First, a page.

Electric vehicle owners and budding EV suitors worried about battery fires might want to consider just exactly what U.S. regulators did to put a metaphorical match to the Chevrolet Volt.
Yes, a Volt battery pack did catch fire at government storage facility, but only after having been damaged a week earlier in a crash test by regulators from the National Highway Traffic Safety Administration or NHTSA.
You read that correctly. The Volt that caught fire in June had been sitting around for a week after a pranging. NHTSA says the fire happened as a result of a test designed to test the stability of its battery in a post-accident scenario. The New York Times has reported that NHTSA has said another battery pack emitted smoke and sparks after a similar test.
The Times added that NHTSA says there has been no evidence of fire problems in real-world crashes involving the Volt. But in a statement, NHTSA said it is “concerned that damage to the Volt’s batteries as part of the three tests that are explicitly designed to replicate real-world crash scenarios have resulted in fire.”
Pause for a moment and consider what might happen if NHTSA crashed a gasoline-powered vehicle with a full gas tank, then let it sit around for a week, waiting for a small leak to turn into smoke or fire. You would not be unreasonable to conclude that is at least a somewhat silly test.
That is, after a crash, most of us would check to make sure the gas tank was intact and not leaking in any way. If any reasonable person suspected even the slightest tank damage, surely he or she would take the car to a dealer or body shop for a checkup. Who wouldn’t do the same with a Volt or a Nissan LEAF or any other EV, post-crash?
General Motors, of course, has been stunned. The Volt is a symbol of the technological expertise that is the centre of the auto maker’s current turnaround. GM officials are rushing to assure owners and potential owners. They are being told that their Volts are safe and GM will do all that’s necessary to ensure that continued safety. GM is also moving fast to minimize any owner inconvenience.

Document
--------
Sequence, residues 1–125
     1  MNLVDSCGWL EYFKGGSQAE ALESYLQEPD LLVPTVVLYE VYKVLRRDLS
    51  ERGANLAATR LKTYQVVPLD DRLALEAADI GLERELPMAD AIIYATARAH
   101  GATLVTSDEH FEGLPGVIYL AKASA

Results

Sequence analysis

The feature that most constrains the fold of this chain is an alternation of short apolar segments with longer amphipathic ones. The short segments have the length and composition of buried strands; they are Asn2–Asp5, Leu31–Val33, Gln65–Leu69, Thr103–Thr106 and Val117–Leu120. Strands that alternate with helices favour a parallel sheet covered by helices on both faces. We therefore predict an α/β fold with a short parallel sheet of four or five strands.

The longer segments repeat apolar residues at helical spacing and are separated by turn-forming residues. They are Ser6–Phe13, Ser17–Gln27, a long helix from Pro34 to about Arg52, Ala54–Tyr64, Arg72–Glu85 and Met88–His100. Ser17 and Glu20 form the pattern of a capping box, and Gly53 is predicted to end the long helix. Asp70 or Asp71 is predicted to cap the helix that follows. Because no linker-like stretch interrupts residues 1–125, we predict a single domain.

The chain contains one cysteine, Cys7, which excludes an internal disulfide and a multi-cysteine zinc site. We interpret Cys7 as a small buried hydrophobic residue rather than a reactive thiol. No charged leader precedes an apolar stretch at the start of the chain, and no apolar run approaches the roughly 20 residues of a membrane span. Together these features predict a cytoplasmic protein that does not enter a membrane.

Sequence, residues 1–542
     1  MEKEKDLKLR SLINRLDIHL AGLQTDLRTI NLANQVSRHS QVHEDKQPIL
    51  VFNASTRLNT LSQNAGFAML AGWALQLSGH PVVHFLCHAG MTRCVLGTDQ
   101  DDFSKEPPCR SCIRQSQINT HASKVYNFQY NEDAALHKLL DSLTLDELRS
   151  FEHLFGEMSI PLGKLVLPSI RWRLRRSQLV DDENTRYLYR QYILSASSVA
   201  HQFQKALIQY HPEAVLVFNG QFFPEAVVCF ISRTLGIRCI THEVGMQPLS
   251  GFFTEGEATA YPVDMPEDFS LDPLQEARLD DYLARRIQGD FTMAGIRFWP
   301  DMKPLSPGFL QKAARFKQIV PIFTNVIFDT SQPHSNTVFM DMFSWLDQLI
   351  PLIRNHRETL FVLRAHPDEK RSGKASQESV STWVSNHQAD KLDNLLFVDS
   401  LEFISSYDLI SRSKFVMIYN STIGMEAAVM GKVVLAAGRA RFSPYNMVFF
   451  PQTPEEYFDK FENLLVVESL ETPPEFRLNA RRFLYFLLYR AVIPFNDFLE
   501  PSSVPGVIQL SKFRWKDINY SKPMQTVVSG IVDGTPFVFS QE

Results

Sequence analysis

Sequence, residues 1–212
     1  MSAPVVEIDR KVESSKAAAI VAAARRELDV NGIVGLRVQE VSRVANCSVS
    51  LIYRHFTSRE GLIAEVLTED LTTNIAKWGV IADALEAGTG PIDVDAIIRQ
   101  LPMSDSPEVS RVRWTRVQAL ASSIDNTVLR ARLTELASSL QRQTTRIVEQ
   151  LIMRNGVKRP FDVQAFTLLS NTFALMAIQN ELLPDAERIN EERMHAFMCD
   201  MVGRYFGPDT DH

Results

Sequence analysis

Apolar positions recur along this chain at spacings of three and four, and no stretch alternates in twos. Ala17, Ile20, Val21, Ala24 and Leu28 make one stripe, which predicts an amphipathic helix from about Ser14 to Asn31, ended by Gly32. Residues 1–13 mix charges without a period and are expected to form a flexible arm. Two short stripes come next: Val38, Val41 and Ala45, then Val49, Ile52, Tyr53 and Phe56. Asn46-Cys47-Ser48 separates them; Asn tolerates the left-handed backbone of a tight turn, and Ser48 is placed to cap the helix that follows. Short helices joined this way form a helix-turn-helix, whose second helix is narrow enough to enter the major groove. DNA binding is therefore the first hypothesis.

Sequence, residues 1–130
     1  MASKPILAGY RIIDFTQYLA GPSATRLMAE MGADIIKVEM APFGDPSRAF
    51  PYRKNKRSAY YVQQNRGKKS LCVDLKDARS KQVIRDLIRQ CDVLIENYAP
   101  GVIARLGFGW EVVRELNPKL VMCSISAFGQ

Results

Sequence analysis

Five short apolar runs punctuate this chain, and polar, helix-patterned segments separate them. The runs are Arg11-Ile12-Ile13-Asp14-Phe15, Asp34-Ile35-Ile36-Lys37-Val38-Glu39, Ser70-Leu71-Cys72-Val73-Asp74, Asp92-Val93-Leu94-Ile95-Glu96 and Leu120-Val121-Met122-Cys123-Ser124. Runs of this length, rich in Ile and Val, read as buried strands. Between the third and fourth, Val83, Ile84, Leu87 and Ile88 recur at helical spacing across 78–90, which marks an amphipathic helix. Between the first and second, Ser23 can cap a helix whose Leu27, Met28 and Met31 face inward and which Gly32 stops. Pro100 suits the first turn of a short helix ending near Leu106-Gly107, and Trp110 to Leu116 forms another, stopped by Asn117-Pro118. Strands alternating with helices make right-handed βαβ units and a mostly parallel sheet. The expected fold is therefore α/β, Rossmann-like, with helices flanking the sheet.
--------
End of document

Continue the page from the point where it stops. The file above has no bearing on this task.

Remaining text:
Here at the Tokyo Motor Show, where EVs dot the stands of almost every major auto maker and many minor ones, engineers on hand admitted that the chemistry of lithium ion batteries such as those in the LEAF and Volt can be volatile. Problems can occur when the battery pack is ruptured or overheated. Millions of laptop computer owners know this. They’ve seen their computers recalled because of fire worries with lithium ion batteries.
But no one drives a laptop in the real world, and no one crashes or crash tests a computer or a wristwatch, either. It is a different story for the Volt and the LEAF and EVs of their ilk. The so-called “post-crash” issue associated with EVs is now coming into focus as a result.
Nissan executive vice-president Mitsuhiko Yamashita, the company’s chief engineer, was quick to point out that the LEAF’s lithium ion battery pack is air cooled, not water cooled as is the Volt’s. In a storage facility, the LEAF’s batteries theoretically would remain cool all on their own thanks to naturally circulating fresh air. That minimizes heat-related problems in a post-crash test. Yamashita also said Nissan has been in detailed talks with U.S. regulators regarding the safety of the LEAF’s batteries. So is the LEAF 100 per cent safe?
“An engineer never is 100 per cent certain of everything,” he replied, “But let’s say we’re in very good shape” when it comes to battery safety.
The auto makers here in Tokyo were in universal agreement about the future of EVs. Battery cars are coming and there is no stopping them. Government regulators have made sure of this by passing and pushing ahead with fuel economy and emissions regulations essentially designed to foster the growth of EVs.
Even as one group of regulators is picking EVs as the winning “green” technology, other regulators are lighting up safety issues with tests that at least on the surface strike some as silly and perhaps even unfair. It is possible to argue that the latter are undermining the future of EVs by scaring customers and potential customers about safety issues.
So, how would you like to be a car company dealing with government regulators – and not just those in the U.S., but all around the world?